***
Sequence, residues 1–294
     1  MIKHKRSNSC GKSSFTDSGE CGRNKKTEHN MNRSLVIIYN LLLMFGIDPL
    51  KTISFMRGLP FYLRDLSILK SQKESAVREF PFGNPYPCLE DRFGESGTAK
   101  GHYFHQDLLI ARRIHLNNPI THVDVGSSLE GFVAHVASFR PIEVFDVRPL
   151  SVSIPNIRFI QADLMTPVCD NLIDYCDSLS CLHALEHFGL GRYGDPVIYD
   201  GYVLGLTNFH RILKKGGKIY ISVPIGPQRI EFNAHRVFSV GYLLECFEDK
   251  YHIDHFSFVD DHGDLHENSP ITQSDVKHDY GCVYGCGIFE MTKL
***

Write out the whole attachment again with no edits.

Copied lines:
Sequence, residues 1–294
     1  MIKHKRSNSC GKSSFTDSGE CGRNKKTEHN MNRSLVIIYN LLLMFGIDPL
    51  KTISFMRGLP FYLRDLSILK SQKESAVREF PFGNPYPCLE DRFGESGTAK
   101  GHYFHQDLLI ARRIHLNNPI THVDVGSSLE GFVAHVASFR PIEVFDVRPL
   151  SVSIPNIRFI QADLMTPVCD NLIDYCDSLS CLHALEHFGL GRYGDPVIYD
   201  GYVLGLTNFH RILKKGGKIY ISVPIGPQRI EFNAHRVFSV GYLLECFEDK
   251  YHIDHFSFVD DHGDLHENSP ITQSDVKHDY GCVYGCGIFE MTKL